The other Roosevelt Princess : Ethel Roosevelt and the imperative of philanthropy, humanitarianism and public service
Ünal, Melike Tokay
Kohn, Edward P.
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Please cite this item using this persistent URLhttp://hdl.handle.net/11693/32459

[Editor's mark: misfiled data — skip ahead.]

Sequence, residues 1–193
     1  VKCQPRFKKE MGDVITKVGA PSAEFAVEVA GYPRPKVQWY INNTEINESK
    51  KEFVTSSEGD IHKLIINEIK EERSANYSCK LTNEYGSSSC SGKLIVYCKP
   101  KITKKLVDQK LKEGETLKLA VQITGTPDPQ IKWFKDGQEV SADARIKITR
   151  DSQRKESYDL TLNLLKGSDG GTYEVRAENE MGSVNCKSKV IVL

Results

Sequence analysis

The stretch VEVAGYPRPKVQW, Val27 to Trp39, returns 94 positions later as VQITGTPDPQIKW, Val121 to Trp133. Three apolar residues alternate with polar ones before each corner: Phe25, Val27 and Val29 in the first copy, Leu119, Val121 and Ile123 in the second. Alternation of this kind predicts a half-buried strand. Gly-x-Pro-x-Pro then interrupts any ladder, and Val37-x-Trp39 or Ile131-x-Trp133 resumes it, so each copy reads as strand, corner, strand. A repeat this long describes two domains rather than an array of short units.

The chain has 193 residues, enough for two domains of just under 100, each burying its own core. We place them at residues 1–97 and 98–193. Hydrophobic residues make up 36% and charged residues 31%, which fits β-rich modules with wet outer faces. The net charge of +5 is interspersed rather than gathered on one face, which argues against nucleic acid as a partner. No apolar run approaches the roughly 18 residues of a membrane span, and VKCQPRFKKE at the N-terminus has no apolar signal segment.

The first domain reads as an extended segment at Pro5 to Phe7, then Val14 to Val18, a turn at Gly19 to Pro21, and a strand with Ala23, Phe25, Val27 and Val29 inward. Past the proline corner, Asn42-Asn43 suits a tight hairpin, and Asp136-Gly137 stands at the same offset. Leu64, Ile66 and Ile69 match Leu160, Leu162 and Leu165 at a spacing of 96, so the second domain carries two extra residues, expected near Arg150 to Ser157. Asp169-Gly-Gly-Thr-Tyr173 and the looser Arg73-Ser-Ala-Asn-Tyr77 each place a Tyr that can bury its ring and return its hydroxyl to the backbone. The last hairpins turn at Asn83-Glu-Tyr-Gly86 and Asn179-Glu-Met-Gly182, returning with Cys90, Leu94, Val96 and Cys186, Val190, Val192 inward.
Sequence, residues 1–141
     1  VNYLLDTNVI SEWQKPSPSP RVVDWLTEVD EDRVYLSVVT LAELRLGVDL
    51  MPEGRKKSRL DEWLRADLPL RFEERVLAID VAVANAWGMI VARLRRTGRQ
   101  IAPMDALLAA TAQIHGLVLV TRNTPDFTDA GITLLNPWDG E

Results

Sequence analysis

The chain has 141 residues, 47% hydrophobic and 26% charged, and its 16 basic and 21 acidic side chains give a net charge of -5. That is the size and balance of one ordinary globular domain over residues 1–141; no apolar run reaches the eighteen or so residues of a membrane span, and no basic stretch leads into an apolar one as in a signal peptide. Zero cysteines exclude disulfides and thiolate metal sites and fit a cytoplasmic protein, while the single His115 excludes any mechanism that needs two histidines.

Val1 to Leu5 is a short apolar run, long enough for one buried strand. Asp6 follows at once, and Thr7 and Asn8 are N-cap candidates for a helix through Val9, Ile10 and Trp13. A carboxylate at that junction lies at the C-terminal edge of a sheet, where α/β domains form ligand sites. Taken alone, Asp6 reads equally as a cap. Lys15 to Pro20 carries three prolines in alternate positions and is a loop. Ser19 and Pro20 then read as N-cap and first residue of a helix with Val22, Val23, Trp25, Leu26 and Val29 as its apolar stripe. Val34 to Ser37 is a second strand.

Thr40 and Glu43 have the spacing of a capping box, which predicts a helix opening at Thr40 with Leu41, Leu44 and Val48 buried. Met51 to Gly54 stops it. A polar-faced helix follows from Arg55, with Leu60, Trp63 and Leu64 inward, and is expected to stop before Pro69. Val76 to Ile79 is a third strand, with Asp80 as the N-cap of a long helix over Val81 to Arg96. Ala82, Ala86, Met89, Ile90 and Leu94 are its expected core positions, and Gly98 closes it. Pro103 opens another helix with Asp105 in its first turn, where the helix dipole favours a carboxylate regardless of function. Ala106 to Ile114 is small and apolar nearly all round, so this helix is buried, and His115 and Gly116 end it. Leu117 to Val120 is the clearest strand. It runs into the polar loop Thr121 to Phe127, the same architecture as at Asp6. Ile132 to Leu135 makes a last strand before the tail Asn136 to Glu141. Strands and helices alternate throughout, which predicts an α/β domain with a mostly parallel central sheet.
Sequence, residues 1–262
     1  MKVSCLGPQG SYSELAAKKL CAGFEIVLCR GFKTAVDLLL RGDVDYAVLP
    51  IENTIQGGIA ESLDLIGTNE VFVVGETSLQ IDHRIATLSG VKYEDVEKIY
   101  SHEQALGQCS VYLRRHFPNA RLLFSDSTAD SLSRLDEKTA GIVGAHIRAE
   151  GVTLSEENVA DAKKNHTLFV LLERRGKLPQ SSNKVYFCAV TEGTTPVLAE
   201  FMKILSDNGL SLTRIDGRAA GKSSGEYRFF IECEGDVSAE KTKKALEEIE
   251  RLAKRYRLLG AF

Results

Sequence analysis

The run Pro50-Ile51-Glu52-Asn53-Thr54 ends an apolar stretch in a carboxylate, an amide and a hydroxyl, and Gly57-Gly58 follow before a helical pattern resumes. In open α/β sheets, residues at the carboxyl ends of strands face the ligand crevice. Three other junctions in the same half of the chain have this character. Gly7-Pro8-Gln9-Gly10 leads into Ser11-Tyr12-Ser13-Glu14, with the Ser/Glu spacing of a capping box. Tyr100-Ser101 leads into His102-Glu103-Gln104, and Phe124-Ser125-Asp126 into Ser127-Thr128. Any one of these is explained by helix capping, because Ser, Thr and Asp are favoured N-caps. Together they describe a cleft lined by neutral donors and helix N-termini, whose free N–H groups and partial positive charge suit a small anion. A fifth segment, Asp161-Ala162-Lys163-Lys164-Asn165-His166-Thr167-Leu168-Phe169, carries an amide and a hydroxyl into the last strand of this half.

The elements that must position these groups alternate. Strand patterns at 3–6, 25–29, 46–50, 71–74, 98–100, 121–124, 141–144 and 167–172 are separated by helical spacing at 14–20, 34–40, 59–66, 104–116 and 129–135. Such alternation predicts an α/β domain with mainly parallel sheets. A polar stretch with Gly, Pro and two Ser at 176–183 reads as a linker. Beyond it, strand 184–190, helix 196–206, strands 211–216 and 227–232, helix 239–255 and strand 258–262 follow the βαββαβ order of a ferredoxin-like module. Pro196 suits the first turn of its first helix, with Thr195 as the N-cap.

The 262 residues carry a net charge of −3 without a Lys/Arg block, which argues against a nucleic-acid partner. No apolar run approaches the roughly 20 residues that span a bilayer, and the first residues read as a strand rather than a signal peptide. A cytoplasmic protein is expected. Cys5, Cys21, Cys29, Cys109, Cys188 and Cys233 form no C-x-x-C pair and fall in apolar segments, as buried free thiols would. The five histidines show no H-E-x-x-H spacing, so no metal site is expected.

This dissertation examines Theodore Roosevelt’s second daughter Ethel Roosevelt Derby. One of the main aims of this dissertation is to contribute to the field by constituting a case study of Ethel Roosevelt Derby, relying on a vast corpus of primary and secondary sources. While doing this, the dissertation concentrates on some prominent aspects of Ethel Roosevelt Derby’s biographical sketches in order to scrutinize how Theodore Roosevelt’s daughter becomes “the Roosevelt child,” who espouses the legacy of her father. In this regard, how her father Theodore Roosevelt and his ideals regarding the strenuous life, conservationism, progressive vision of the government and the nation, and social-community service for the good of society, shaped Ethel Roosevelt Derby’s life is the central point of this dissertation. The most noteworthy characteristic Ethel Roosevelt Derby shared with her father is her fervent commitment to caring for others and serving the community. As a Roosevelt, Ethel preserved the virtue of participating at any kind of benevolence for the good of the public, of the country, and, without doubt, of humanity in general. In that vein, through Theodore Roosevelt’s daughter’s life, this dissertation will shed light on the concepts of noblesse oblige, philanthropy, humanitarianism, and voluntary action for the public good in the twentieth century American history, and the role of the philanthropic voluntary associations on the lives of the Roosevelts, focusing mainly Theodore Roosevelt’s father Theodore Roosevelt Sr., Theodore Roosevelt himself, and his daughter Ethel Roosevelt Derby.